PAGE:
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A policy that allows for the halting of a union election if workers cry foul over their employer’s actions in the lead-up to voting could soon be revised by a Republican-majority labor board.
The board’s current policy is to pause a union election if workers or the union file a complaint alleging the employer interfered with the fairness of the election. It also allows for the blocking of an election if a worker seeking to decertify, or disband, a union alleges that the union interfered with the election.
The National Labor Relations Board’s GOP members said in a footnote in a Dec. 20 decision that the policy may be on the chopping block. New Chairman Marvin Kaplan wrote in ADT Security Services that he “would consider revisiting the Board’s blocking charge policy.” William Emanuel, the other new Republican member, said outright that he believes “the policy should be changed.”
The note is a strong indicator that the “blocking charge rule” will be among the major pieces of labor policy to be reversed by the Trump board, which will return to a Republican majority once the President nominates a member to replace former Chairman Philip A. Miscimarra (R). Miscimarra’s term expired Dec. 16.
The ADT decision concerned a petition to decertify an International Brotherhood of Electrical Workers union. Emanuel wrote that an “employee’s petition for an election shouldn’t be dismissed based on contested” allegations of unfair labor practices.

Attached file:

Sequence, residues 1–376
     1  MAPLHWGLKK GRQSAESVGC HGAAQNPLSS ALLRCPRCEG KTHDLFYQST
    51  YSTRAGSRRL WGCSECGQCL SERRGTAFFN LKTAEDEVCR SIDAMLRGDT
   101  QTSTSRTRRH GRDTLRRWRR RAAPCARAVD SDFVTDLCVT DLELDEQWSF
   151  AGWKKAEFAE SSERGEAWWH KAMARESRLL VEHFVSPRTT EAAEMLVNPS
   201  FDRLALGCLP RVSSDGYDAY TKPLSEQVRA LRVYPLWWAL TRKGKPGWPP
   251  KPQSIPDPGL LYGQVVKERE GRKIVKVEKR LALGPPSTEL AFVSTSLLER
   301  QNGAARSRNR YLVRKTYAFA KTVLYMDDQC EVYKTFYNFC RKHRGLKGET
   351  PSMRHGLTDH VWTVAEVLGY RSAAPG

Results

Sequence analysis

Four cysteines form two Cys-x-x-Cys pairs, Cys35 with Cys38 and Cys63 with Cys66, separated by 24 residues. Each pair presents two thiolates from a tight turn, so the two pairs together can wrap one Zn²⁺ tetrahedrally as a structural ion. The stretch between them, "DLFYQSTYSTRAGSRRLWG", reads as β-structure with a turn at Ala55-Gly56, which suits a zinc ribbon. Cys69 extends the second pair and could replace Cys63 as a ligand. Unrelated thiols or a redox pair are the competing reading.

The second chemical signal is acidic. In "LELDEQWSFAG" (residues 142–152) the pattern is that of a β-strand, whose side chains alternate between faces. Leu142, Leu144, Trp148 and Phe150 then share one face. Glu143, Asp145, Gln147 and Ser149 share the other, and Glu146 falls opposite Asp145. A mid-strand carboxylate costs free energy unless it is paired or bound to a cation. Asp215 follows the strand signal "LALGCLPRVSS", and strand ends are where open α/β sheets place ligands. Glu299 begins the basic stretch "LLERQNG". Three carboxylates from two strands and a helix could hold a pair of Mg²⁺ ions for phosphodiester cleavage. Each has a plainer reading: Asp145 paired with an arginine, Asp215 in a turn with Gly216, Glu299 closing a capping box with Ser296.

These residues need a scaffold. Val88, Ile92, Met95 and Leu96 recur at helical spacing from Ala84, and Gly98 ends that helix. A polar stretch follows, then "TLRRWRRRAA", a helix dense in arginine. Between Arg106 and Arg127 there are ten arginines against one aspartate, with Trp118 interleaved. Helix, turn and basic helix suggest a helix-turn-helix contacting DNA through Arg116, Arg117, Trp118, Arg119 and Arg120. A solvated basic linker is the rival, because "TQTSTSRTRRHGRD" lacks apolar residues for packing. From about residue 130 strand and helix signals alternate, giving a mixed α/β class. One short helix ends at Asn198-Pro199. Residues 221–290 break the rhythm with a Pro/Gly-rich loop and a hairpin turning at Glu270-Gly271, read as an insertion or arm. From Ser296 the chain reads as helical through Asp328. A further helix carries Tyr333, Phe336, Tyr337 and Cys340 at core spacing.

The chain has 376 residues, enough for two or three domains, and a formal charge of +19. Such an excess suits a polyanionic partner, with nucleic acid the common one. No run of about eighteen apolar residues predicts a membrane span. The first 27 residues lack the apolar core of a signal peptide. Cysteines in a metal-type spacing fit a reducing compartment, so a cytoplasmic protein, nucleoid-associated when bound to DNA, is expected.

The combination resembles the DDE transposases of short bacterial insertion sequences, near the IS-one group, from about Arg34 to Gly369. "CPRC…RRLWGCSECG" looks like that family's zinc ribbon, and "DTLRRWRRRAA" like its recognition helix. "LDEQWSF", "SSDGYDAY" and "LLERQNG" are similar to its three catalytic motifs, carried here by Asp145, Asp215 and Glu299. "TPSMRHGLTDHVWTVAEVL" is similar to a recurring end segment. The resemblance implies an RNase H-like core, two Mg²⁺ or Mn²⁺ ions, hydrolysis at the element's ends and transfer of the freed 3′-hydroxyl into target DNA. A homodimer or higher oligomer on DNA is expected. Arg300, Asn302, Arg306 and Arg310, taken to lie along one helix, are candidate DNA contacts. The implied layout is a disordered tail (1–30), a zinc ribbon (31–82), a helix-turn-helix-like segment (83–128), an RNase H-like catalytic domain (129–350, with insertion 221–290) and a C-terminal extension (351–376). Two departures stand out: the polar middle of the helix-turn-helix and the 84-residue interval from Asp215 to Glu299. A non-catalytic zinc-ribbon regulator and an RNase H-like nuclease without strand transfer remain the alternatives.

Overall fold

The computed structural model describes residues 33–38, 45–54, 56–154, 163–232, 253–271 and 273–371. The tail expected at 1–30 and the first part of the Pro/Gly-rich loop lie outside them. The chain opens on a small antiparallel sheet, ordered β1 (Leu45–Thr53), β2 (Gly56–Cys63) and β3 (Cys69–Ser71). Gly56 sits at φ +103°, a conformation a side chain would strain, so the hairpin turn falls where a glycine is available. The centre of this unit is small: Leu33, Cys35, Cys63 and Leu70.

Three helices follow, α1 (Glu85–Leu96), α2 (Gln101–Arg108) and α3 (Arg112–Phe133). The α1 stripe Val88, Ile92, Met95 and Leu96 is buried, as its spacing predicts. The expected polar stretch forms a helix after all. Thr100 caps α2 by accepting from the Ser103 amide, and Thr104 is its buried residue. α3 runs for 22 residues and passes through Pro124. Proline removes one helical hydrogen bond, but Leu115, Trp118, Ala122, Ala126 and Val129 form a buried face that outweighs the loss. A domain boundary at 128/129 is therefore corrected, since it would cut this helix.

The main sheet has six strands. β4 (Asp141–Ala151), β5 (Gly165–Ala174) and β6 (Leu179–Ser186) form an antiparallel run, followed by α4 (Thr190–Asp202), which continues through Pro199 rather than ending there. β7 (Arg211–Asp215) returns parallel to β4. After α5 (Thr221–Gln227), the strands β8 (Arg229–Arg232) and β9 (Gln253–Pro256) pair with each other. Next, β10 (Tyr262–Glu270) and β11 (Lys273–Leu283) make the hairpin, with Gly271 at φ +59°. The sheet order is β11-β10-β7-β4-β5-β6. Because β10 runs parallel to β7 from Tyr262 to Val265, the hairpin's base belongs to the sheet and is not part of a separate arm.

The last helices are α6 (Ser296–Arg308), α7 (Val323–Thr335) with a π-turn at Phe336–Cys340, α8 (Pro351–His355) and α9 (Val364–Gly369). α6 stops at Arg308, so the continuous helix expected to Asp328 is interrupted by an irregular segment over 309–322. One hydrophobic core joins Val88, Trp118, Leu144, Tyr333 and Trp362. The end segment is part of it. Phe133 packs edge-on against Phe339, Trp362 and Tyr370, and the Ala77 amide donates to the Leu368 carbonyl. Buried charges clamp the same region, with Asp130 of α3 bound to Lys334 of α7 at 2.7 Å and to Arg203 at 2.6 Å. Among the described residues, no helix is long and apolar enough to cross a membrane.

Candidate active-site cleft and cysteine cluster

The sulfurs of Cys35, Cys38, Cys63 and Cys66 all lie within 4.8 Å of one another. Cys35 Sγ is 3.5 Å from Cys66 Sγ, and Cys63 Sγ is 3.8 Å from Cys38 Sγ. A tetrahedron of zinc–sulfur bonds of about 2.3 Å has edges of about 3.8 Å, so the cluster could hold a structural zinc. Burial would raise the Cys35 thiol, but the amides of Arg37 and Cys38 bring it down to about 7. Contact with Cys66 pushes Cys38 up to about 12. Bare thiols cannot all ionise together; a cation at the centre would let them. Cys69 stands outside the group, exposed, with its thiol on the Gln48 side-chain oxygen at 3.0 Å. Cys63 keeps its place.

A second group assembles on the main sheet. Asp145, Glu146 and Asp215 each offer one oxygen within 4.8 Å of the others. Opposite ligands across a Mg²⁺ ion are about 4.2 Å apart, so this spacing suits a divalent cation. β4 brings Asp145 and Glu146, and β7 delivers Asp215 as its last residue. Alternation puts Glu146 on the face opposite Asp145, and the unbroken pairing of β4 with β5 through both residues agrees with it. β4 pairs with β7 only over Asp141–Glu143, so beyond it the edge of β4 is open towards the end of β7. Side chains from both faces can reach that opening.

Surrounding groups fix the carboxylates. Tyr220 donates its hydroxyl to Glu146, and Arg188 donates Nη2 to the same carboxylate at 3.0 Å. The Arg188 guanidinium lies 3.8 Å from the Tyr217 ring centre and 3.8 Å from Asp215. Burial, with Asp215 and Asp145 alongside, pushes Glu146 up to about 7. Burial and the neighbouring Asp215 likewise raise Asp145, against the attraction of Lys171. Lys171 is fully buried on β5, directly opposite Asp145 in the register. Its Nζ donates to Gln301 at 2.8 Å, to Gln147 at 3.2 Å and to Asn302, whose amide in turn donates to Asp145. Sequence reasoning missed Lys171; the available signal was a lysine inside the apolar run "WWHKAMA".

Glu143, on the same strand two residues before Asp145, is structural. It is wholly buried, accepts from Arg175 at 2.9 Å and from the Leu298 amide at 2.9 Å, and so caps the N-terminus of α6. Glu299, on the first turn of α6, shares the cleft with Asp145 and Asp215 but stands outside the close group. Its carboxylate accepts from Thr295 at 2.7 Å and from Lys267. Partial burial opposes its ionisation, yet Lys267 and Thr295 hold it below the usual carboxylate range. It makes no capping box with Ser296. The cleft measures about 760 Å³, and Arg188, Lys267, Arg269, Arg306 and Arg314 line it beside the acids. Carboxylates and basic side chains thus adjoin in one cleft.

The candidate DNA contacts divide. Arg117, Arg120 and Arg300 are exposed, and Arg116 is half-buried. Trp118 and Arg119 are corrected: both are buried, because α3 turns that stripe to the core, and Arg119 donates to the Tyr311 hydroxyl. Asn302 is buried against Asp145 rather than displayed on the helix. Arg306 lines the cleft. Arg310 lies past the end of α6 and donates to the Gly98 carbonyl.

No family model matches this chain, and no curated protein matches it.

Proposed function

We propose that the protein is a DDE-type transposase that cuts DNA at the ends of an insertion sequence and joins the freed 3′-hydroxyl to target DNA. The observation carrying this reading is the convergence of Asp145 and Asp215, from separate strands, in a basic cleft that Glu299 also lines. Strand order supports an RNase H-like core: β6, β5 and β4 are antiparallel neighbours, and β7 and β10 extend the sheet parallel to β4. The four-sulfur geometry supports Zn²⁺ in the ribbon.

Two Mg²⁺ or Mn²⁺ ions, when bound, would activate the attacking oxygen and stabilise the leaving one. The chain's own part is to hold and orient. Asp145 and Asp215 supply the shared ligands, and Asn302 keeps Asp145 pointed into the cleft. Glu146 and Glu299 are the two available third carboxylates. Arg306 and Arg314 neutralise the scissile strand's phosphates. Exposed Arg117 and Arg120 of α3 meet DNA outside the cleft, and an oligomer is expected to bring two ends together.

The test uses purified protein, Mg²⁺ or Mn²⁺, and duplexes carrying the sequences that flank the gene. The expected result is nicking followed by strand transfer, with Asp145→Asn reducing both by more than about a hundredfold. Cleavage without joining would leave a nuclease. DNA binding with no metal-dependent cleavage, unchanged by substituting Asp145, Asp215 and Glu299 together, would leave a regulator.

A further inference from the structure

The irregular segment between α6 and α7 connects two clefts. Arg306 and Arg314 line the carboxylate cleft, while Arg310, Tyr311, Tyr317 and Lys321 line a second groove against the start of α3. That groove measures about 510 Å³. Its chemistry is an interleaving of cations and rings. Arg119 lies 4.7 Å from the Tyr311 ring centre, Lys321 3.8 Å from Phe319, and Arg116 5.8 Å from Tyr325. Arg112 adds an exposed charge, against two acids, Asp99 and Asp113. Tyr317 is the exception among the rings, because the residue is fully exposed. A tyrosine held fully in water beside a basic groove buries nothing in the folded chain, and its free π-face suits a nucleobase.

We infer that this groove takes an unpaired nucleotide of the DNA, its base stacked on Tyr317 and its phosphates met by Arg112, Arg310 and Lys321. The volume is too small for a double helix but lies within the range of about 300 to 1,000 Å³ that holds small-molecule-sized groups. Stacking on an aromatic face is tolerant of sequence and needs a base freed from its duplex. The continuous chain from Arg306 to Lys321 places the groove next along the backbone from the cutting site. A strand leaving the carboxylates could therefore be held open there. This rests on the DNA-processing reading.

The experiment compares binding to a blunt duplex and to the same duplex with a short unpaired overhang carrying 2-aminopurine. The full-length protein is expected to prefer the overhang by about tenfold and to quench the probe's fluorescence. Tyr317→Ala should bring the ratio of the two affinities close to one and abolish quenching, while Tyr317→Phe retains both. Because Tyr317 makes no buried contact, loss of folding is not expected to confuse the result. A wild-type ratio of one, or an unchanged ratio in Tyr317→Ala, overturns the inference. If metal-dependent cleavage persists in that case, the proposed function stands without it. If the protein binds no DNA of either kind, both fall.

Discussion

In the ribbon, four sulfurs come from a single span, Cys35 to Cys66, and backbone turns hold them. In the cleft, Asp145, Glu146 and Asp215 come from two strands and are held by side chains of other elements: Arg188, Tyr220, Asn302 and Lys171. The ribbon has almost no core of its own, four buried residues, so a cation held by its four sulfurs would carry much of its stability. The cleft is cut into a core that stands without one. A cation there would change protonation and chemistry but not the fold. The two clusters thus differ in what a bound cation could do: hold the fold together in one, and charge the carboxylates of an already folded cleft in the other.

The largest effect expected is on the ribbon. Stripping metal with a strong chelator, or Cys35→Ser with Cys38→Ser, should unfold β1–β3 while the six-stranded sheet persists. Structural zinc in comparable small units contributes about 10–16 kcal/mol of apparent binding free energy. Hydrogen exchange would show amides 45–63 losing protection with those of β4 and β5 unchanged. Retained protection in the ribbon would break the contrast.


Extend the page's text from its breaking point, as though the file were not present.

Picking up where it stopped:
The board issued a series of impactful decisions earlier this month—the last of Miscimarra’s tenure—in an effort to begin reversing what many in the business community have said were excessively pro-union policies under President Barack Obama.
The ADT footnote means blocking rules may be next.
“We’re watching a revolution unfolding in board proceedings, and this signals where the next cannon shot may be fired,” union-side lawyer Michael Rubin of Altshuler Berzon LLP told Bloomberg Law Dec. 20.
It’s still possible that decisions Miscimarra participated in during his last days on the board are tied up in the administrative process and will be issued in the coming weeks. The former chairman has also expressed a desire to change the current policy on holding elections. In any case, the board will return to a 3-2 Republican majority as soon as a third Trump nominee is confirmed.
It’s difficult to determine whether the footnote “signals anything imminent,” Rubin said. “It may simply be them saying ‘while we’re 2-2 everyone can take a breath, digest the extraordinary changes we just imposed in that last week, and we’ll flag for you what’s next once we get a majority,’” Rubin said.
The National Right to Work Legal Defense Foundation has represented a number of employees in their petitions to decertify unions.
Those cases call for a change to the current blocking charge policy, arguing that unions use the rule to file spurious charges to block decertification elections.
The foundation is involved in the ADT litigation, in which Kaplan said he is open to reconsidering the rule in a “future appropriate case.”
Such a case already is pending in Calportland Co. That complaint concerns a Calportland employee who is represented by the NRTW foundation in his efforts to decertify a Teamsters union as the bargaining agent for his workplace.
The case could very well serve as the vehicle to implement the changes Miscimarra and the remaining Republican members have discussed.
To contact the reporter on this story: Hassan A. Kanu in Washington at firstname.lastname@example.org
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